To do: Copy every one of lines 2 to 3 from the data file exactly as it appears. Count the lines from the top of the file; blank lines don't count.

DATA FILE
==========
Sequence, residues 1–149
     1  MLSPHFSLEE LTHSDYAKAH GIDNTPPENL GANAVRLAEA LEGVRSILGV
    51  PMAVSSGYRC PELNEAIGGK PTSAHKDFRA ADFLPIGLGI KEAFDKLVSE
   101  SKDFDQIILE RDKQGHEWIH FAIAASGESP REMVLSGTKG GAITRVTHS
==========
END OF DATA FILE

     1  MLSPHFSLEE LTHSDYAKAH GIDNTPPENL GANAVRLAEA LEGVRSILGV
    51  PMAVSSGYRC PELNEAIGGK PTSAHKDFRA ADFLPIGLGI KEAFDKLVSE